I found that the welding supply shops wouldn’t fill the old tanks if the gauge was still in place.
There must have been some kind of regulator that goes on the tank or means of restricting the flow because the tank pressure can’t be controlled with just the needle valve on the tank.
I have had several cars which I often ran with the gas lights.
They have a stark bright greenish light that causes other drivers to try and dim
The jets face with the narrow profile toward the front and not the wide profile which looks better.
The top of the lamps get hot enough to fry a steak and the brass will tarnish quickly.
I do not have the answer on the old tanks, but there had to be some means of controlling flow. With the aftermarket regulator you set it for proper flame size. The V burner is turned with one end of the V looking at you. This results in a bright circle about the size of a quarter.(The flames from the two sides of the V blow against each other resulting in this circle) This is reflected off the back mirrow and is quite bright. If the pressure(flow) is to high, you get the "fry steaks on the top of the lamp effect" and the lamp will quickly tarnish. Another option is those "hallogen" lamps that screw into the lamp burner fitting. They work good, but they do not look that real and require some wiring and a good 12V battery.(Hi current drain on battery)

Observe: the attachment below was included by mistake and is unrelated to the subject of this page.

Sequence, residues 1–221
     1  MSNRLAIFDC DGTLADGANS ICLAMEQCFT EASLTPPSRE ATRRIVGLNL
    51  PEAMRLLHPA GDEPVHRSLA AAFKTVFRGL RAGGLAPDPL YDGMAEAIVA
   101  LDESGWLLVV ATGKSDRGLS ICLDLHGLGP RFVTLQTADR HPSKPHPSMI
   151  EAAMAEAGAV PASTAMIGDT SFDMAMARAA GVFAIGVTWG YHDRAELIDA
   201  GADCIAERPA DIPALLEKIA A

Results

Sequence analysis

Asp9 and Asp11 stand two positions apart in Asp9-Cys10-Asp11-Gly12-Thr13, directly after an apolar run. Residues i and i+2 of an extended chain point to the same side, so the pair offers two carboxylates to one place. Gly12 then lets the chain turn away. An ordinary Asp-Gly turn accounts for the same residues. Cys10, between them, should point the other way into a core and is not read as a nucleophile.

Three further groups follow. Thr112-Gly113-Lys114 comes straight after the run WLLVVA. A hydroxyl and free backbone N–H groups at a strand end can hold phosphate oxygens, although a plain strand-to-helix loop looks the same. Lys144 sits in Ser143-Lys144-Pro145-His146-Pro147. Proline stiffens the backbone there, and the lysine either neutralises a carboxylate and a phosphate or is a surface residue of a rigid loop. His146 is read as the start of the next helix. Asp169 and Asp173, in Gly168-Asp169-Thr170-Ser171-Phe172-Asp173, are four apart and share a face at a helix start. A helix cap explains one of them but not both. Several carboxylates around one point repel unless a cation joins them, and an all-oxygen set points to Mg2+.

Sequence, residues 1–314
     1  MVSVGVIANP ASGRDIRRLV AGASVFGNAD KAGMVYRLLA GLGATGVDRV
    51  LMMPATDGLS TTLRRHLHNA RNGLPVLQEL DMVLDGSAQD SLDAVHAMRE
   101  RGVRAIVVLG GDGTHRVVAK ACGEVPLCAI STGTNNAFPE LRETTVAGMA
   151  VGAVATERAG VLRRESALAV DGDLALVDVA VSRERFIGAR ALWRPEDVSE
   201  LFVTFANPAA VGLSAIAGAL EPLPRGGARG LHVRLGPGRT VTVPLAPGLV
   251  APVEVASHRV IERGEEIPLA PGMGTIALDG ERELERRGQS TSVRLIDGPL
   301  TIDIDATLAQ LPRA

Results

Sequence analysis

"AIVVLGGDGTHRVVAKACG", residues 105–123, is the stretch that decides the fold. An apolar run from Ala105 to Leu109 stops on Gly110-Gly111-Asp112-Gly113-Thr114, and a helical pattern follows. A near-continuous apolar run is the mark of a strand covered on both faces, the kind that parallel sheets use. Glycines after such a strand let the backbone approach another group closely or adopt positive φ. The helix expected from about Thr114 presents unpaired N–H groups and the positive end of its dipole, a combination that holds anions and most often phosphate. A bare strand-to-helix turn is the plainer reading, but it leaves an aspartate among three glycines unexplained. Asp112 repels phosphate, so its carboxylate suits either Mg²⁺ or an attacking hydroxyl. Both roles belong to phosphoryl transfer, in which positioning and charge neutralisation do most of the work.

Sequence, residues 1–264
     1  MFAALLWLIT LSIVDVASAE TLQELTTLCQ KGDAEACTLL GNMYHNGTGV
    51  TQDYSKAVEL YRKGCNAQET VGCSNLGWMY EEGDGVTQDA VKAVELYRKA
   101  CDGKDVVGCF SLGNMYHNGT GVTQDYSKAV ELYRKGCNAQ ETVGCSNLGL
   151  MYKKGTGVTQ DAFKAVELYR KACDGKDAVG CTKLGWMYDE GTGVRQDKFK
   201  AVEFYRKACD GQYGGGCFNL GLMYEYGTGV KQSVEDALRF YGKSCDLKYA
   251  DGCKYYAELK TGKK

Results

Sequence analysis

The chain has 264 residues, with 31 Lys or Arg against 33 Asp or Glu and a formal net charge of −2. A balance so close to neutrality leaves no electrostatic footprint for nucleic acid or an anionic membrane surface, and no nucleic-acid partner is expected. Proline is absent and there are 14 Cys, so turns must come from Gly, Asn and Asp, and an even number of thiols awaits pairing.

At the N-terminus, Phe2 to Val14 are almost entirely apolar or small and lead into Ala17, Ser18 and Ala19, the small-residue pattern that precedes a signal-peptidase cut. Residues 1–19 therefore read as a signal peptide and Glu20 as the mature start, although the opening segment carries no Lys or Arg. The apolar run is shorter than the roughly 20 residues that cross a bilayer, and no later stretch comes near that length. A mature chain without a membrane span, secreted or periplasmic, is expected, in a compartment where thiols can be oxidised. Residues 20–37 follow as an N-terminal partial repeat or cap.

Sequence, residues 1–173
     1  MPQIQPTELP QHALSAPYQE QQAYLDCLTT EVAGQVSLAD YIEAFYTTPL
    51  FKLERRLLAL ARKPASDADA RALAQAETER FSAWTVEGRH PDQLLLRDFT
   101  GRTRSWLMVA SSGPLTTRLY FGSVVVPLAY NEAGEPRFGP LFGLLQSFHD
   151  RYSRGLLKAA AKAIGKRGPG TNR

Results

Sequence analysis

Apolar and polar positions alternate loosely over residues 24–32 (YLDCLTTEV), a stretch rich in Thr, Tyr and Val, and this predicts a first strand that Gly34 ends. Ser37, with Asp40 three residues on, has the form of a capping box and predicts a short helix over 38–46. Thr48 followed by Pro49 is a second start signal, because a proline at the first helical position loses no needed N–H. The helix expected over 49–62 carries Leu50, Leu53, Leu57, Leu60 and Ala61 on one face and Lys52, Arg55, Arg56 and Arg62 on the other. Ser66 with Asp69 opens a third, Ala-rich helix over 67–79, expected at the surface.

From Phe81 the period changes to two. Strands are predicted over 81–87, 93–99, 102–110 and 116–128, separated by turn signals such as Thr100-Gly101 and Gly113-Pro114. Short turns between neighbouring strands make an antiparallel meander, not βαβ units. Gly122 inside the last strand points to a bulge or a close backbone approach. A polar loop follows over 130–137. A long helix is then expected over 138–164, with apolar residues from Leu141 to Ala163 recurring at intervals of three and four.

I run acetylene lamps on my 1912 KisselKar from a Prestolite B tank on the running board. The gas is regulated at the outlet with a modern regulator, and at each headlite with individual valves.
The original Prestolite cylinders used asbestos fibre as the matting that was saturated with acetone.
In our area (Alberta, Canada), the suppliers are only allowed to refill tanks that have been certified within the past 10 years. Testing involves removal of the packing at each end (I think) and checking the asbestos matting for condition with a probe. If acceptable, the tanks are date-stamped and good for another 10 years.
As of 1995, any asbestos-filled cylinders presented for inspection are to be "condemned", and neither recertified nor refilled.